Business and academic leaders are urging Rishi Sunak to give women’s enterprise a voice and a seat at the policy table.
Chancellor Rishi Sunak has laid out a suite of policies to support small businesses which have so far fallen through the cracks in Coronavirus support schemes, promising they “have not been forgotten”, but now business and academic leaders have come together to call for more urgent action to support women’s enterprise.
Campaigners say there are still a host of female entrepreneurs and women-led businesses which have been overlooked and forgotten in these schemes and that there is an urgent need to put gender-aware policies in place.
The Women’s Enterprise Policy Group, which represents leading experts from business support and academia across the UK, is now urging the Chancellor to give women a voice and a role in shaping policy responses to these urgent and challenging problems.
Today (24 March), the Women’s Enterprise Policy Group has urgently made two assessments.
Firstly, policy has completely forgotten many women by:
- Excluding the mass of women who entered self-employment in recent years, and the many who trade part-time alongside a job, from the Self-employment Income Support Scheme.
- Excluding most women from the Future Fund by making it dependent on securing private investment when we know women struggle to gain angel and venture capital due to investor bias.
- Excluding home-based businesses (so most women-owned businesses) out of the main Covid19 grants scheme, so they have no compensation for businesses losses.
- Ignoring evidence that women are reluctant to borrow (and trade in sectors with low profits where borrowing is unwise) when designing the Bounce Back Loans and Coronavirus Business Interruption Loan Scheme.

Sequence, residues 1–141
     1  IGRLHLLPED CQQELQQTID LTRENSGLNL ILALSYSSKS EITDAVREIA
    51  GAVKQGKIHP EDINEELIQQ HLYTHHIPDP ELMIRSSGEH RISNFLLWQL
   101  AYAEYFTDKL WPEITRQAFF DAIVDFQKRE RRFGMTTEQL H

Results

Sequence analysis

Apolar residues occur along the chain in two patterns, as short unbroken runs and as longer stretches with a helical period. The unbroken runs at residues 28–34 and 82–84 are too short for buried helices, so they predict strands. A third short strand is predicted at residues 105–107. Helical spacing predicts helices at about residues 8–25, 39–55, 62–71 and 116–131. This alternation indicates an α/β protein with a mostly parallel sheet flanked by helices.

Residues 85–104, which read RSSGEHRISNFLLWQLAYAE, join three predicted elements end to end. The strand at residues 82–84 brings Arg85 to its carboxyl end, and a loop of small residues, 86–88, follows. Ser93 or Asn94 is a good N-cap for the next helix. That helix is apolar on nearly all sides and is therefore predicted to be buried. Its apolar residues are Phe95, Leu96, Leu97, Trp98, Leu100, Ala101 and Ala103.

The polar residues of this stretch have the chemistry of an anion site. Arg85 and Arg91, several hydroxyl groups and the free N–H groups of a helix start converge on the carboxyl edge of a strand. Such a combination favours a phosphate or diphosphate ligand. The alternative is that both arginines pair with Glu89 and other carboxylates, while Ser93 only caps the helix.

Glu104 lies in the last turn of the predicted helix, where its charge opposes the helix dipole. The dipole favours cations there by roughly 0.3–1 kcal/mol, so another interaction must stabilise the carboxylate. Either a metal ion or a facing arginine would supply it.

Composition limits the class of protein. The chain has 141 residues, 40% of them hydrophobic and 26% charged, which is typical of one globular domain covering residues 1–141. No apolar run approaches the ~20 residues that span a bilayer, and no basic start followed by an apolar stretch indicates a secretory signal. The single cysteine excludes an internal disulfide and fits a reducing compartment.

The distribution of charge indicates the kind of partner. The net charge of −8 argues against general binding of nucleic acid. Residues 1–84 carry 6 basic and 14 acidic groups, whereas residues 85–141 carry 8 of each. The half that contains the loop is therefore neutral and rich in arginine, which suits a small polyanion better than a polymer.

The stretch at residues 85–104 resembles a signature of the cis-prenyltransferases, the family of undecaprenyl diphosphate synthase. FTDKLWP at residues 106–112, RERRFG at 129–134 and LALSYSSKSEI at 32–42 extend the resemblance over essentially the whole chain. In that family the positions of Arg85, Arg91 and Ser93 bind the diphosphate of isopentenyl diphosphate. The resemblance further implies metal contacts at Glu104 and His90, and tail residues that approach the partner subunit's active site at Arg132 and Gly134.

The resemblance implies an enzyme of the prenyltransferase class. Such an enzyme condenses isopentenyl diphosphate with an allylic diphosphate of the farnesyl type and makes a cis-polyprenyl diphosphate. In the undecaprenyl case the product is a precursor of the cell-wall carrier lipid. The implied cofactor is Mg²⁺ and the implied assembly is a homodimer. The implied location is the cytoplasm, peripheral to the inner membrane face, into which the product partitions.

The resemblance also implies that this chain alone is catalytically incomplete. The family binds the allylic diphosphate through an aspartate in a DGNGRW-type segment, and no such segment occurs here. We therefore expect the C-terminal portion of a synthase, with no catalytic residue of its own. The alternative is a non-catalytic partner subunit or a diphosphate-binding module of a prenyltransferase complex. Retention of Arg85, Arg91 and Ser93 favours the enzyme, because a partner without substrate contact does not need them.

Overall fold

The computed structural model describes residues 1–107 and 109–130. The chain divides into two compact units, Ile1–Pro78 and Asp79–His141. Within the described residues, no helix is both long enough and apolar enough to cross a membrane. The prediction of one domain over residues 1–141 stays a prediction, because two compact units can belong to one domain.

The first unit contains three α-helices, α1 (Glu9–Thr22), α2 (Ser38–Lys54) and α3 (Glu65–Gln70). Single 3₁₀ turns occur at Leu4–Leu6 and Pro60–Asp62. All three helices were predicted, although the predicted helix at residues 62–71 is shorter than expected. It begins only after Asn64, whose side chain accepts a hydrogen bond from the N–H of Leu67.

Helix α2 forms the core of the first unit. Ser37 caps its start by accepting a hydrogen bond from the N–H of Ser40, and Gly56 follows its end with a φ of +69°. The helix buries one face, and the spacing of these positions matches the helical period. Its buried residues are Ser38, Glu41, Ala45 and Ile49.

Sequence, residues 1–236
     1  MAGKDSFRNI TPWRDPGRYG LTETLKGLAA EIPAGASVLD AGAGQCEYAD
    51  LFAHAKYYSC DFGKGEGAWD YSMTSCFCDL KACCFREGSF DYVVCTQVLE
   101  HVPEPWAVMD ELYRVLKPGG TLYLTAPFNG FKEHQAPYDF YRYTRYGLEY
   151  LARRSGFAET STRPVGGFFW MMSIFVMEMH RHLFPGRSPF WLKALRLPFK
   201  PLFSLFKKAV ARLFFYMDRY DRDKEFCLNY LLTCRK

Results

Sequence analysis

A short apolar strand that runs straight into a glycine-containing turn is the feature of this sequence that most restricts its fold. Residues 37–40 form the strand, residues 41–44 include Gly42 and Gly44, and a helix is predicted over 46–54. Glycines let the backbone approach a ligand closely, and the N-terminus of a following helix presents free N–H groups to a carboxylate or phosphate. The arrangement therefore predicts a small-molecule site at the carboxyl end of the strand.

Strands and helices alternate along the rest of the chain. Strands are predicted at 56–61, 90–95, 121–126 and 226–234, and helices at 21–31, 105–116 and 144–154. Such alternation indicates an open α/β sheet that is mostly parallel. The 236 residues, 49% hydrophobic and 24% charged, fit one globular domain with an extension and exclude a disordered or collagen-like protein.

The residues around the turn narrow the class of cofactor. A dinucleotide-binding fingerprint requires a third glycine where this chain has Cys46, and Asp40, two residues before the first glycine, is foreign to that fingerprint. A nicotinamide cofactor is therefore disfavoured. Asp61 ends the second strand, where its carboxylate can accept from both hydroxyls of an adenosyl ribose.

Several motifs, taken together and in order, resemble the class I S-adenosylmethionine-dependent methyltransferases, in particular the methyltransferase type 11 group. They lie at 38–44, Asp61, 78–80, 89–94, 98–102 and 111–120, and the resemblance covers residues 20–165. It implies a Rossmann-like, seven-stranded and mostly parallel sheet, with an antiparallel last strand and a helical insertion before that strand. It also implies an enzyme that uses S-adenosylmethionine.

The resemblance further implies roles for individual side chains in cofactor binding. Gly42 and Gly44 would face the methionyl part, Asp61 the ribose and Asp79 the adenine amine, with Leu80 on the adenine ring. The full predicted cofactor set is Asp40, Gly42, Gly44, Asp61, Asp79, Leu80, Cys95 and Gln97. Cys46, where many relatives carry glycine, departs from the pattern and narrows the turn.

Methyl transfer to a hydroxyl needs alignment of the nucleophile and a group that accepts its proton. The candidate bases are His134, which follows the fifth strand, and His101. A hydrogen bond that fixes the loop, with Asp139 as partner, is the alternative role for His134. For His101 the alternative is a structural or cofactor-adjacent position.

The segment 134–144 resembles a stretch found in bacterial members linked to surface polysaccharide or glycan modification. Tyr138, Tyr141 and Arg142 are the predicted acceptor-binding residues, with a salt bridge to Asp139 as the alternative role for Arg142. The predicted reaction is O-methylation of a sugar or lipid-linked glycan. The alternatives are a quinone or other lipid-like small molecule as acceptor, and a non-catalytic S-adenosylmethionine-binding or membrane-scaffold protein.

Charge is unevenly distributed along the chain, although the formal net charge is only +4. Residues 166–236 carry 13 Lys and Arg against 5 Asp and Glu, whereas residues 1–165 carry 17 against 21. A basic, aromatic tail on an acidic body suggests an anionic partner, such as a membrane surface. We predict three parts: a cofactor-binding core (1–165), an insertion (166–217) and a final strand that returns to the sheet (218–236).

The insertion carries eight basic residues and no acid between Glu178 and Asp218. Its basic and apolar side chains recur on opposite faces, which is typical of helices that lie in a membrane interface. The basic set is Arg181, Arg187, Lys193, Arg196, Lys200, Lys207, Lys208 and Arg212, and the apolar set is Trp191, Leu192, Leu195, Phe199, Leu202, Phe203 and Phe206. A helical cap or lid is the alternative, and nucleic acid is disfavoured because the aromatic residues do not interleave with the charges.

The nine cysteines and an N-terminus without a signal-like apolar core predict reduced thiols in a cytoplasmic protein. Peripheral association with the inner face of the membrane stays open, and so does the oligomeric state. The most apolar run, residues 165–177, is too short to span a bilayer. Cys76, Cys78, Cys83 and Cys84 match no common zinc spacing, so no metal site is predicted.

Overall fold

- Failing to compensate business directors for their dividend income even when they are precluded from trading due to school and nursery closures.
Secondly, the crisis is far from over: it is still unfolding and – for many women-led businesses – will go on for months, because:
- Social distancing is more difficult in the sectors women tend to trade in, so getting back to profitable trading is a long and uncertain haul.
- School and nursery provision will be absent, part-time and difficult to coordinate for months and months to come.
- Fathers and employers are relying primarily on mothers to pick up the extra work of homeschooling and women who are ‘their own boss’ or trade from home find this pressure hard to resist.
- Single mothers cannot share their childcare with family and friends.
Professor Julia Rouse, Co-Chair of the WEPG, Professor of Entrepreneurship at Manchester Metropolitan University and Head of the Sylvia Pankhurst Gender Research Centre, says: “There is an urgent need for women’s enterprise to be at the policy table. Developing gender responsive policy for women requires our expertise: we can help analyse how Covid19 is impacting women-led businesses, monitor policy impact and help shape and implement policies that work for women.
“The peak of the crisis for women-led businesses may come just before Christmas as the Self-employment Income Support Scheme and the Job Retention Scheme close. We are haunted by an image of a devastating pre-Christmas period for households and families across the UK. An economic disaster could ravage local communities and could be offset if women are given more of a voice. We urge the Department for Business, Energy and Industrial Strategy to bring The Women’s Enterprise Policy Group to the policy-making table.”
“Now is the time to put gender-aware policies in place. Now is the time to develop gender responsive policies to avoid the serious risk of economic devastation in communities across the UK for generations to come. And now is the time to make sure women-led business are not forgotten and we are, indeed, “in this together”.
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